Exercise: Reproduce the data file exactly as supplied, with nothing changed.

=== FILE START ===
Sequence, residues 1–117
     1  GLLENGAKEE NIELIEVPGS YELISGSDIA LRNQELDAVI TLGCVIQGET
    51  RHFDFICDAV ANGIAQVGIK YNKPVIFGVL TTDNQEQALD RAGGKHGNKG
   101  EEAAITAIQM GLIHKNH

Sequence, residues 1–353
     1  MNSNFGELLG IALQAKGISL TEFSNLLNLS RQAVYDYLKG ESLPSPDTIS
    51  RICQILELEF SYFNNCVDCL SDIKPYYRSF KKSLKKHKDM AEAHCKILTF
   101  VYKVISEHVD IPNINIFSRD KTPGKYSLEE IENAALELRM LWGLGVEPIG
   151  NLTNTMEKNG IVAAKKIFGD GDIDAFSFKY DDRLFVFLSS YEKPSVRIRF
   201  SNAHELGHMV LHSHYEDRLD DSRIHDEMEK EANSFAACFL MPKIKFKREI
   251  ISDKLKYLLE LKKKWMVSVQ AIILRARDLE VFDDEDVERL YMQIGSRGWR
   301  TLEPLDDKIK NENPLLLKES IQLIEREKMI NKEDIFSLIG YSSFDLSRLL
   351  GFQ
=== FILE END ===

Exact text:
Sequence, residues 1–117
     1  GLLENGAKEE NIELIEVPGS YELISGSDIA LRNQELDAVI TLGCVIQGET
    51  RHFDFICDAV ANGIAQVGIK YNKPVIFGVL TTDNQEQALD RAGGKHGNKG
   101  EEAAITAIQM GLIHKNH

Sequence, residues 1–353
     1  MNSNFGELLG IALQAKGISL TEFSNLLNLS RQAVYDYLKG ESLPSPDTIS
    51  RICQILELEF SYFNNCVDCL SDIKPYYRSF KKSLKKHKDM AEAHCKILTF
   101  VYKVISEHVD IPNINIFSRD KTPGKYSLEE IENAALELRM LWGLGVEPIG
   151  NLTNTMEKNG IVAAKKIFGD GDIDAFSFKY DDRLFVFLSS YEKPSVRIRF
   201  SNAHELGHMV LHSHYEDRLD DSRIHDEMEK EANSFAACFL MPKIKFKREI
   251  ISDKLKYLLE LKKKWMVSVQ AIILRARDLE VFDDEDVERL YMQIGSRGWR
   301  TLEPLDDKIK NENPLLLKES IQLIEREKMI NKEDIFSLIG YSSFDLSRLL
   351  GFQ